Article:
pyved - a python video entropy daemon

Well, what do computer scientists do, when they are bored? They toy around with cryptography.
For some reason I didn’t get video_entropyd to run (it would throw v4l errors and segfault), but I desperately need entropy. Now what I came up with is a quick python script which does essentially the same thing, but with much more dependencies and high-level scripting languages. Also I just grab video frames from the TV-card with, extract the entropy and write it to a fifo. All the communication with the kernel then does rngd from the rng-tools. It picks up the bits, checks if they are really random and only then puts them into the kernel. All in all I have a solution, which (according to rngd) generates about 80MiBit/s of entropy from a good old Bt878 receiver. Im quite satisfied :)

update: it turned out, that was only a number which resulted from reading and writing in chunks. The long run performance is 8kbit/s of entropy.

download source code

Python Video Entropy Daemon v0.0.1 (works on my machine)
(c) 2010 by Kai Dietrich

Inspired by video_entropyd by Folker Vanheusden,
The main part actually is just a python version of Folkers code.

This software is Licensed under the
GNU General Public License 2.0 or later.

System Requirements:
Python 2.6
PyGame 1.9.1
a video4linux device
optional: rng-tools / rngd

What it does:
Pyved records frames from a video4linux device, extracts the noise/entropy
and writes it to a fifo.

Pyved opens the first video4linux device it finds and records frames (720x576, RGB).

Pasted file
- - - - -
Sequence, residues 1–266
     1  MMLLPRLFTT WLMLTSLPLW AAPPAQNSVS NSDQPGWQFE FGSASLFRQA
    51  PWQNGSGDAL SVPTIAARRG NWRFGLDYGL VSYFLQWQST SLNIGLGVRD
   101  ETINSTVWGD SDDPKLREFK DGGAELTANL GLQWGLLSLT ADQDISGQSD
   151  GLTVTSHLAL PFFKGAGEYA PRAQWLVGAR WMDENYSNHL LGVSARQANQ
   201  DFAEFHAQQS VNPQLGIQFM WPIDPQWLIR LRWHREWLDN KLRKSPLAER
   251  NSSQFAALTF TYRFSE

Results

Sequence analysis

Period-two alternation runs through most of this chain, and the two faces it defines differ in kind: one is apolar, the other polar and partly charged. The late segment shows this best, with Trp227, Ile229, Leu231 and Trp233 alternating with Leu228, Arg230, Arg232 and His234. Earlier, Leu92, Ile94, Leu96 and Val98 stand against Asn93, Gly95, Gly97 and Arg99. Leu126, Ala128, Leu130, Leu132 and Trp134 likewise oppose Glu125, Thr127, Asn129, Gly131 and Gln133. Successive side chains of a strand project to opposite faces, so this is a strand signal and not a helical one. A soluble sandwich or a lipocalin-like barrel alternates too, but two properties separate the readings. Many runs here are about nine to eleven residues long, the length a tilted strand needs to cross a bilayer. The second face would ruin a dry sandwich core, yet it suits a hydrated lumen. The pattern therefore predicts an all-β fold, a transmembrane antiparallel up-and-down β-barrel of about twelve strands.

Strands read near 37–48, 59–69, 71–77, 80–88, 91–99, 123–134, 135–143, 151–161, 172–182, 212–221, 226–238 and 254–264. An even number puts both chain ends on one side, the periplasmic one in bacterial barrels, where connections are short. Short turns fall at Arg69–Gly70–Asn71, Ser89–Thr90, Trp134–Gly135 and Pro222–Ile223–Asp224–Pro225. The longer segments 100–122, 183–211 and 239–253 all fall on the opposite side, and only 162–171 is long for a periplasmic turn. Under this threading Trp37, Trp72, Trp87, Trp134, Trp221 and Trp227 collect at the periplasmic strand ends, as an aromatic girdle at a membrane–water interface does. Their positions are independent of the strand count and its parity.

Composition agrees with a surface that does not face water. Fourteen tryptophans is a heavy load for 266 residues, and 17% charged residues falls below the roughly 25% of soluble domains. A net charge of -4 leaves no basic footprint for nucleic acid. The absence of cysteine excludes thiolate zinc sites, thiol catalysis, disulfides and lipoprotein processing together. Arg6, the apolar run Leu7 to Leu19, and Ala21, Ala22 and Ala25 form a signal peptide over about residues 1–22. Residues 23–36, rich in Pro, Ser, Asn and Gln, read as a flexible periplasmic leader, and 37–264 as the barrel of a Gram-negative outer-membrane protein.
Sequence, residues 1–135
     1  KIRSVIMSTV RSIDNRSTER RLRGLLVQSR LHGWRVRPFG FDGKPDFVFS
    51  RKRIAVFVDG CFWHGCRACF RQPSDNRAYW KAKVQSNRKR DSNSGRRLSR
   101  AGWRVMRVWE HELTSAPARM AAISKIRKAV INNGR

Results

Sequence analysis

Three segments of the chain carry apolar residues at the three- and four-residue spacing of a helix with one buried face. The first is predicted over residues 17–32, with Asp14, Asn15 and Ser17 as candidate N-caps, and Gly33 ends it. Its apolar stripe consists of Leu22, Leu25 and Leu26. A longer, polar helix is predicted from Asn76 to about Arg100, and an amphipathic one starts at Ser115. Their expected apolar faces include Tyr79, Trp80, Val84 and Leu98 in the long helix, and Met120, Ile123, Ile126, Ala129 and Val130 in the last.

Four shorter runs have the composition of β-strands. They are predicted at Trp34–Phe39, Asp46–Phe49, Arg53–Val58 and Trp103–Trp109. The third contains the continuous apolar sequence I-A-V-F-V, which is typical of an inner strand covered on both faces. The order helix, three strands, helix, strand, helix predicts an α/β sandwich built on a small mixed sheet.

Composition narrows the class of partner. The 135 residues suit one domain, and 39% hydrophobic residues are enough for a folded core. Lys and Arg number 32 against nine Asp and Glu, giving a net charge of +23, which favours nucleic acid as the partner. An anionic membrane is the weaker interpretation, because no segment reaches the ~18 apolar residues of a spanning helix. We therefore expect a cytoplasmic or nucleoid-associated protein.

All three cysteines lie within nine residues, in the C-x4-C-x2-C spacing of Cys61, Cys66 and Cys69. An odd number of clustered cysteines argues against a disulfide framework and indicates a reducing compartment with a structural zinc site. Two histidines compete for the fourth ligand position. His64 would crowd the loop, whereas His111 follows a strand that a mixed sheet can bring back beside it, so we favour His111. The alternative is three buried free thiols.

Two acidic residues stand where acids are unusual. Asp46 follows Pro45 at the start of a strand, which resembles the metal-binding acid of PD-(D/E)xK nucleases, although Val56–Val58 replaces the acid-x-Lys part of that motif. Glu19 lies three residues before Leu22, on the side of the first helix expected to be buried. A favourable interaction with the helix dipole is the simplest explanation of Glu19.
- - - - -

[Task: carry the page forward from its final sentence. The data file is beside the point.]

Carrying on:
If it finds the kernel entropy pool to be empty it starts extracting noise
from two successive frames. Every uncorrellated change in one of the three color
channels is considered to be a bit of physical randomness and written to
the fifo "entropy.fifo". You can then attach rngd from the rnd-tools to this
fifo (rngd -f -r entropy.fifo). rngd will test the noise with a FIPS 140-2 test for it's
statistical randomness and delivers the bits to the kernel entropy buffer.

How fast is it?
On a Pinnacle Bt878 analogue TV card, tuned to a really bad channel,
rngd reports the following speeds (entropy bits per second):

stats: HRNG source speed: (min=1.330; avg=1.783; max=4.657)Gibits/s
stats: FIPS tests speed: (min=70.382; avg=88.529; max=89.969)Mibits/s

this is frickin fast, compared to all those commercial devices

It does not work, what can I do?
a) read the code (it's not that much)
b) fix the code
c) tune your tv-card with a tuner application to some channel before starting pyved

How can I enhance the code?
Just do it. If you like this tool, you can just set up a project somewhere
and start collecting improvements. For me this was just some fire-and-forget
single-task code.

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